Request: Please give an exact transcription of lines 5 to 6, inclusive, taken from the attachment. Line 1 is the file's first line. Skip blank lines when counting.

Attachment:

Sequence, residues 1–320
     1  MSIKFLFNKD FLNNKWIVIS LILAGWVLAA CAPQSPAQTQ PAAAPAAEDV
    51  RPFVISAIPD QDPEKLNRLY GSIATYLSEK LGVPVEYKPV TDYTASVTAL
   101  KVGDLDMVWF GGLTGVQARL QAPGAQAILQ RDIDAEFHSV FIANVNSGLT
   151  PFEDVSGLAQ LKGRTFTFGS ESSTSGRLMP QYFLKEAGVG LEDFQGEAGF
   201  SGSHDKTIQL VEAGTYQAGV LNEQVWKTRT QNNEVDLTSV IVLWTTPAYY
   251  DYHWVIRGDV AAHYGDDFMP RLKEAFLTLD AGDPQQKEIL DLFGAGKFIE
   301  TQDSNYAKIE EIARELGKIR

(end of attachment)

   151  PFEDVSGLAQ LKGRTFTFGS ESSTSGRLMP QYFLKEAGVG LEDFQGEAGF
   201  SGSHDKTIQL VEAGTYQAGV LNEQVWKTRT QNNEVDLTSV IVLWTTPAYY